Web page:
“It also gives fire power, because we know that this show started in the 1700s, as in the storyline, and it’s the same King George that was trying to occupy these lands where America was trying to begin, as the same King George who ordered the fleets to come over here and colonise this country.
“So it’s quite telling actually that we see that the same kinds of events were happening in different parts of the world.”
While Hamilton has developed a worldwide cult following, Purcell encourages everyone to give the show a go even if they’re not familiar with the founding fathers story; which he says has surprising relevance in an Australian context.
“When I first saw it, I was interested in how it could appeal to the masses, but it does, and it’s testament that it’s not a historical musical,” he said.
“It’s a musical about moments in history which reflect moments of humanity through everyone. And I guess asking, what we are doing with ourselves on this planet? And we’ve got an opportunity to make change and inspire and be inspired, so what are we going to do with that?”
I was fortunate to meet a bunch of people in this Hamilton production’s wider world! Here I am with (left to right) Associate Producer for Michael Cassel Group Annelies Crowe, ABC presenter Kelly Higgins-Devine, and Hamilton swing performer Shewit Belay at a welcome lunch that the Hamilton production team put on early last week.
Making more Waves
The Making Waves podcast is now up on Apple podcasts!
And in one of the MOST exciting developments for me of late—the podcast I have helped produce for the past two years is now up on Apple Music—with Spotify to come soon!
Making Waves brings water stories from around Australia. As my wonderful Making Waves host Marnie Ireland says in the trailer:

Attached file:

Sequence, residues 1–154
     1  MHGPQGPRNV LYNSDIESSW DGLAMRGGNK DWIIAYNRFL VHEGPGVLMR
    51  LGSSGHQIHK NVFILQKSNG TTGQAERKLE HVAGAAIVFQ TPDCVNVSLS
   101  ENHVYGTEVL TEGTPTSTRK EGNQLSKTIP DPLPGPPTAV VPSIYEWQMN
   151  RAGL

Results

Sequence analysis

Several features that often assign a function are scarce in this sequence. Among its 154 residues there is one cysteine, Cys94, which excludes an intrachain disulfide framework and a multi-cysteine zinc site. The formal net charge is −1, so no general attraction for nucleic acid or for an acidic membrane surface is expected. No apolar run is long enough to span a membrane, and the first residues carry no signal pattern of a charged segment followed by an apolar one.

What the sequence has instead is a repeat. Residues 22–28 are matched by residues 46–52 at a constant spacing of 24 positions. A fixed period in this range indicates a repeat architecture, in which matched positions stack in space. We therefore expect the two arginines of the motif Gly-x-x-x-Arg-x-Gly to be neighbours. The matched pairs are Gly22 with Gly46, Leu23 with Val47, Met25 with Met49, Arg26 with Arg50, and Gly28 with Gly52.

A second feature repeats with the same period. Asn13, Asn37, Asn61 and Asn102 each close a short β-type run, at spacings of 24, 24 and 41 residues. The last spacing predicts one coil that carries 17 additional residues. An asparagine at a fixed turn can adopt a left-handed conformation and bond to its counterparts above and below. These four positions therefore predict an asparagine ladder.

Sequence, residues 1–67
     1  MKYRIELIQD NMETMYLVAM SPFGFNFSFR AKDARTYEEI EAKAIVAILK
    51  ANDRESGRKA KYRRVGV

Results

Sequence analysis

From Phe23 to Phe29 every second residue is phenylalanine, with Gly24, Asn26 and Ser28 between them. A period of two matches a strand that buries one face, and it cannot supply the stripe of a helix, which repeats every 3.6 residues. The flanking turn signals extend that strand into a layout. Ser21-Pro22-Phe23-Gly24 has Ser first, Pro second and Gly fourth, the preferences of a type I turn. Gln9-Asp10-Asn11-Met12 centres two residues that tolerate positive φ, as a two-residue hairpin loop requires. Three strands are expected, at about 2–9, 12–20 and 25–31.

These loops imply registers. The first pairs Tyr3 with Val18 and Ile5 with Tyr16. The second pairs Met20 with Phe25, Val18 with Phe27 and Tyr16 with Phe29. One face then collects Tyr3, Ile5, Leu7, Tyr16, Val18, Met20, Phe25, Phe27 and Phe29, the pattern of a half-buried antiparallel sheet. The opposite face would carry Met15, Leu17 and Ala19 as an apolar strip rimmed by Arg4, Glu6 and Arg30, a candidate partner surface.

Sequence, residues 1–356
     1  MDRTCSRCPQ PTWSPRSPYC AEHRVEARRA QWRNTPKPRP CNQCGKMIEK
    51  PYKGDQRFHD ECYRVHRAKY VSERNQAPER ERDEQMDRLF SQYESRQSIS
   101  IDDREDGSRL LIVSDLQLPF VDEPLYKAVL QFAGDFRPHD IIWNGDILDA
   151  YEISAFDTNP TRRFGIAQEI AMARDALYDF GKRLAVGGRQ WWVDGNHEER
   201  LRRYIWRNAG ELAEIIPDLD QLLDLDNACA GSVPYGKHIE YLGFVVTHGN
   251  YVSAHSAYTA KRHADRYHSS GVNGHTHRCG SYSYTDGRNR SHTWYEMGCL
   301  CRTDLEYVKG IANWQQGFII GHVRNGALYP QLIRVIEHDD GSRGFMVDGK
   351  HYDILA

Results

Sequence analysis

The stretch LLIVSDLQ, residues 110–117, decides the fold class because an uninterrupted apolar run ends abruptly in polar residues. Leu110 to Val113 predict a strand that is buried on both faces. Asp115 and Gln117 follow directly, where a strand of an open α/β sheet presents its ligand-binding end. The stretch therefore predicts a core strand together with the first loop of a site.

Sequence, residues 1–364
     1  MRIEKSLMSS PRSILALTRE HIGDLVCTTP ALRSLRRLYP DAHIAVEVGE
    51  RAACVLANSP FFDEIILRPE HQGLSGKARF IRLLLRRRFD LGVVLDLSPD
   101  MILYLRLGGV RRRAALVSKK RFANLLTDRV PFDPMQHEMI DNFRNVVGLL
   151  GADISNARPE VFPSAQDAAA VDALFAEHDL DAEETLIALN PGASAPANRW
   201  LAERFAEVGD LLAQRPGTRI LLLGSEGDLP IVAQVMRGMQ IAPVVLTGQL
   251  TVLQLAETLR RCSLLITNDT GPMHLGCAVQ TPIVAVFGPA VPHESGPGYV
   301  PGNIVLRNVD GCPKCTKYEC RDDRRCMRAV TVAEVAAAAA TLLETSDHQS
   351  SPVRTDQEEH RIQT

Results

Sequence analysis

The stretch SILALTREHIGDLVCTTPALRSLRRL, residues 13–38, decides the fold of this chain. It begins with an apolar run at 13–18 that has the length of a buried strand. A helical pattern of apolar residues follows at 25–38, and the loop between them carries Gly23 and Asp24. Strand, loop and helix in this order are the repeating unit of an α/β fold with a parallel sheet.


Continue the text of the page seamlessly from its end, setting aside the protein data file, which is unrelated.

Making Waves is an independent podcast amplifying the lesser heard perspectives of First Nations people, communities and water practitioners. We hear about connections to the places we live, work and love from around this diverse country.
From the saltwater Country of Rubibi / Broome and Mandingalbay Yidinji / the wet tropics and Great Barrier Reef to freshwater Country of Narrm / Melbourne, Meeanjin / Brisbane and the UNESCO World Heritage Budj Bim cultural landscape / Lake Condah, Making Waves brings you water stories from across Australia.
And here’s the intro to the series!
All things water. For First Nations People, water is a sacred source of life. The rivers are the veins of Country, carrying water to sustain all parts of our landscape. The wetlands are the kidneys, filtering the water as it passes through the land. At the most fundamental level clean water is a basic need for healthy humans, animals, plants and aquatic environments. There are so many interesting (and sometimes competing) demands for water. This podcast explores water from a range of diverse perspectives—amplifying lesser heard voices.
Thanks so much for your ongoing support of my audio adventures my wonderful Wandering Journo Tribe! I plan to keep bringing you slices of Australian audio life through 2023—and your support of this newsletter keeps my tank filled in Mildred the Cantankerous kombi!
Hope to see you on the road soon!
And please hit me up with any interesting people or ideas you think would be great for Streets of Your Town podcast. It’s as easy as hitting reply to this email!